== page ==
Game 151, Rangers at Mariners
Hisashi Iwakuma vs. Martin Perez, 7:10pm
It’s odd when you look forward to playing one of the better teams in baseball, but I’m pretty sick of playing the magical birds from Baltimore. Dave’s post on the in-game strategy is spot on, but it marked the second time in as many days that the M’s made completely bizarre moves in the late innings. Wedge hasn’t excelled in in-game strategy, but he also hasn’t been shockingly, aggressively bad either. Couple an entire series’ worth of ill-timed, ill-fated bunts, Jasoless pinch-hitting and the stolen base call, then add it to an errant pick-off throw that somehow didn’t hurt the Orioles after it plunked the first base coach in the gut and rolled back to the first basemen and the conclusion is clear: the Orioles are actually magic. The Rangers are merely excellent at baseball; the Orioles are excellent at conjuring and mind-control. No contest.
The Rangers come in on a high after two solid wins over their rivals, the Angels. They haven’t mathematically clinched anything, but the AL West race is essentially over. CoolStandings and Baseball Prospectus have the Rangers playoff odds at 99.9% and 100%, respectively. It’s in that context that the Rangers turn to 21-year old lefty Martin Perez, who replaces Scott Feldman and will make his 4th MLB start tonight. Perez has been a prospect so long, Baseball America may name its top 100 list after him. Despite great stuff – a good curve ball, a solid change-up, above average velocity – Perez tended to disappoint statistically, especially in the high minors. He seemed like a classic tools-prospect bust; a guy lingering on prospect lists out of inertia. This was especially true after his May start at Cheney Stadium in which he gave up 7 runs in two atrocious innings. At that point, his fastball was in the 89-92 range, and his change wasn’t good enough to fool minor-league righthanders.
Injuries forced him to the Rangers not long after, but I had him down in my own mind as the Rangers’ version of Carlos Triunfel, a prospect who was famous for being a prospect as opposed to someone who could help the big club win. Now, several months into his career as a bullpen lefty/spot starter, he’s been far better than I would have thought. He hasn’t been excellent, but his stuff’s better than it was, with 92-94mph fastballs and a better curve. In recent appearances, the velocity’s down a tad, but he’s still a far sight better than he was in May. He uses a four-seam fastball (primarily to lefties) and a two-seamer/sinker (to righties) both around 92-93mph, along with a curve in the 75mph range and a change-up at 83mph. Like many, he uses the change more to right-handers and uses the curve (and a rare slider) on lefties. The change isn’t actually his put-away pitch; he uses it more when he’s behind in the count. This may indicate that he’s more confident in his control with the pitch, as walks have been a problem for him for years.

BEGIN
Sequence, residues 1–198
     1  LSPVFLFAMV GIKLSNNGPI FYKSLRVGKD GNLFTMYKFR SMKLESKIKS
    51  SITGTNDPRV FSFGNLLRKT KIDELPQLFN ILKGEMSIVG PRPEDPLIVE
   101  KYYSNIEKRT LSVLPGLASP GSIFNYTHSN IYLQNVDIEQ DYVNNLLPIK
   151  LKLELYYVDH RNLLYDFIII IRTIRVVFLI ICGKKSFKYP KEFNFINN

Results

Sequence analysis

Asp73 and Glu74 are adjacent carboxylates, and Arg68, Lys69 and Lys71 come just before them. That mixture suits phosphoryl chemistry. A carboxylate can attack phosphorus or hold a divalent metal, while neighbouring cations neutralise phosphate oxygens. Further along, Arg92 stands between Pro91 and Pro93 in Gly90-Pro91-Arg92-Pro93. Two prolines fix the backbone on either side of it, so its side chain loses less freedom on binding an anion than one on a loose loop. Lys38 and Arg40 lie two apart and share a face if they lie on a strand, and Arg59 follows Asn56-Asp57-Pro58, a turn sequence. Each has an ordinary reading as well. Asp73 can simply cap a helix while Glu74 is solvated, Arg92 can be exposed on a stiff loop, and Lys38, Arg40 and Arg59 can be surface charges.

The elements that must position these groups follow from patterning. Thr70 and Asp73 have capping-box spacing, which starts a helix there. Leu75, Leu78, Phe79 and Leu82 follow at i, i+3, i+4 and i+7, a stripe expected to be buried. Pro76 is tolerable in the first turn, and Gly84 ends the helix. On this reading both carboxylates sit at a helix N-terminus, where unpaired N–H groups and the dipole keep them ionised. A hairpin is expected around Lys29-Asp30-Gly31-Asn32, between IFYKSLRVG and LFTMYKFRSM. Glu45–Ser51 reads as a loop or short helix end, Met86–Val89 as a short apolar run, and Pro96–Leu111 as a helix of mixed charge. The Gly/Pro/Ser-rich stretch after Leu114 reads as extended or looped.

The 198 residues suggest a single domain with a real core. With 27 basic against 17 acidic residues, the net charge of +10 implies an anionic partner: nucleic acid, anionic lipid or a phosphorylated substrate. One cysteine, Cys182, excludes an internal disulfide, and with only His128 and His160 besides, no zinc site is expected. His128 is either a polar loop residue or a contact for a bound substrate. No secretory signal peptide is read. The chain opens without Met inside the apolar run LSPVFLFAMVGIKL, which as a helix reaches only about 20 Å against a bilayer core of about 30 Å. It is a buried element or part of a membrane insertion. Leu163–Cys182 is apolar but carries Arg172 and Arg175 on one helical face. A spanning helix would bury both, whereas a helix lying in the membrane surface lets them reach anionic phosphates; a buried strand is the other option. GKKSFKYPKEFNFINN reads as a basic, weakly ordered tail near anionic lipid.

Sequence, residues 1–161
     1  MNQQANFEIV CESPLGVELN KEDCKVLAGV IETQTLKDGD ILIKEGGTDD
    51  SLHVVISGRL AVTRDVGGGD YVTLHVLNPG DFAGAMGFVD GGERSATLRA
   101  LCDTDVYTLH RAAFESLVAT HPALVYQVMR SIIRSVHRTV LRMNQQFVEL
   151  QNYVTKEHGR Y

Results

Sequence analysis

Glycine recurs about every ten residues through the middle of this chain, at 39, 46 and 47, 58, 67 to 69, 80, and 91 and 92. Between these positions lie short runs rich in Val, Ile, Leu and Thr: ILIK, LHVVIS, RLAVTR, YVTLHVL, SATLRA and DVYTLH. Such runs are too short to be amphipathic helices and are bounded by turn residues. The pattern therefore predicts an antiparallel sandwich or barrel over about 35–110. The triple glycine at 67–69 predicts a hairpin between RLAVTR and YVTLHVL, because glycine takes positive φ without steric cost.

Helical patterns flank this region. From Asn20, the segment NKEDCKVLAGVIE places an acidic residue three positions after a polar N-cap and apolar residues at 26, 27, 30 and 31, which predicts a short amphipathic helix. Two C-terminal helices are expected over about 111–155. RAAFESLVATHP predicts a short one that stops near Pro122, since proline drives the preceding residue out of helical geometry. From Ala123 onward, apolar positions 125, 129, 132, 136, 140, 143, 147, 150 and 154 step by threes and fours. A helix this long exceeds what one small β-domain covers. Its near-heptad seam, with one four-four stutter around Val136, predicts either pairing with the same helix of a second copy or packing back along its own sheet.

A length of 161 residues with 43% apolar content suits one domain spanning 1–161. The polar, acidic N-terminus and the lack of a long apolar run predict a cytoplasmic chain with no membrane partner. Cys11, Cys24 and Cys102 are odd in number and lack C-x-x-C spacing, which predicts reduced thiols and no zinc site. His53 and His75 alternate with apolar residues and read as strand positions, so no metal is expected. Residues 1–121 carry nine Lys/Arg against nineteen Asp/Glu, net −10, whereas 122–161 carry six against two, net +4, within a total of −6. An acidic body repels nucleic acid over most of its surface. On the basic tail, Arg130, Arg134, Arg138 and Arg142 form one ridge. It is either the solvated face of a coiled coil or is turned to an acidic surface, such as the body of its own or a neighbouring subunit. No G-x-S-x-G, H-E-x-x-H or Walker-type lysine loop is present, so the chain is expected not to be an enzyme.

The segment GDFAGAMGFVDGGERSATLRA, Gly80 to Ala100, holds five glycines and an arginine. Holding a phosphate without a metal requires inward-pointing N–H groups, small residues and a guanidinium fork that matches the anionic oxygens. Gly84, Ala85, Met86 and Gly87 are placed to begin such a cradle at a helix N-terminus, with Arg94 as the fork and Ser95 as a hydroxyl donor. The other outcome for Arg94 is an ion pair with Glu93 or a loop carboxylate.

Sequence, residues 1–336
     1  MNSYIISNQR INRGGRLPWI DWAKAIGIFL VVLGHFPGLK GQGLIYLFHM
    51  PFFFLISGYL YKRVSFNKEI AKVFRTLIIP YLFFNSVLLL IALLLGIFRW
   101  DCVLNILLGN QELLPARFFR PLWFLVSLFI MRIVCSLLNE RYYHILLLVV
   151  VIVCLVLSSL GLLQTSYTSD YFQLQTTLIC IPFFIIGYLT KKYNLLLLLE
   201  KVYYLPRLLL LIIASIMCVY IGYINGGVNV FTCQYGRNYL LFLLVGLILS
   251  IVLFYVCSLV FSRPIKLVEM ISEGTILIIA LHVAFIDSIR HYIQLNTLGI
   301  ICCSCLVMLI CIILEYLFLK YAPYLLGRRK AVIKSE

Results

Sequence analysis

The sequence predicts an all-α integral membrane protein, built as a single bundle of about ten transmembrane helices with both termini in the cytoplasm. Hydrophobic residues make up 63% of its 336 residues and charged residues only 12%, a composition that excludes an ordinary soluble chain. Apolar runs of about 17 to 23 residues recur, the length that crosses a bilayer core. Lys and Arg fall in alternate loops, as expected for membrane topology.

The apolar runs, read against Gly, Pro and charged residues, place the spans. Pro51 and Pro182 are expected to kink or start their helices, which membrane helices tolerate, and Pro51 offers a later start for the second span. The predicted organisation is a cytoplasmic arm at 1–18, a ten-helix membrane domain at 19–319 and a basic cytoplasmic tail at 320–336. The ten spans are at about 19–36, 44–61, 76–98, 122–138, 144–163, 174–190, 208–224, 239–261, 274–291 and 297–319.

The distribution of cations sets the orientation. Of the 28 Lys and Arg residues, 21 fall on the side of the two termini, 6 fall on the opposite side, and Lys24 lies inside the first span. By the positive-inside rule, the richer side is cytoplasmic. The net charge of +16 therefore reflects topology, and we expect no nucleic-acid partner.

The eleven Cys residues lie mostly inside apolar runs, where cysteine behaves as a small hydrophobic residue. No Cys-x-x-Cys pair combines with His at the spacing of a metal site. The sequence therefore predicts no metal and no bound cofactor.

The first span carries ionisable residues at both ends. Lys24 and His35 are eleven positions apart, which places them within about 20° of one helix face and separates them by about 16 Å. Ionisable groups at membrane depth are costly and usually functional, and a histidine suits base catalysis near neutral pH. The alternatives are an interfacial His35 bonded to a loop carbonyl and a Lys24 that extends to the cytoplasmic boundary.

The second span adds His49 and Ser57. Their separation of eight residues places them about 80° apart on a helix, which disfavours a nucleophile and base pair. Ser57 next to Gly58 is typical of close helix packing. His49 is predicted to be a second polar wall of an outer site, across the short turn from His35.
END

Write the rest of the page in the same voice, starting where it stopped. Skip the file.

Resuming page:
Perez shows clear, persistent platoon splits, so the M’s need to get right-handers some at-bats tonight. Over the past two years in the minors, he put up a 3.29 FIP vs. lefties and a 4.42 FIP against righties. He’s walked more right-handed batters than he’s K’d, and his overall line would look worse if his BABIP regressed towards the mean, so this is a good match-up for someone like Casper Wells and Jesus Montero. Of course, Perez just faced the M’s a week ago and dominated them, so who knows. He faced a middle of the order on that day that included Seager, Jaso, Saunders and Thames, so that certainly helped.
Iwakuma’s looking to finish the season strong after a bad game against Oakland and mixed results in Texas last week. His velocity’s surprisingly unchanged for a pitcher coming off injury and pitching more frequently; his last start in Texas looked low, but the pitch fx velo numbers seem consistently low there. Still, this is a great test – playing a good line-up for the second time in as many weeks. He faced the Angels twice in about 3 weeks, and shut them out for 7 innings the second time, so it’s not like other teams automatically ‘book’ him. He’s a crafty pitcher who’s ability to learn from the hitters and adapt to them has been more impressive than his splitter.
4: Montero (DH)
7: Olivo (C)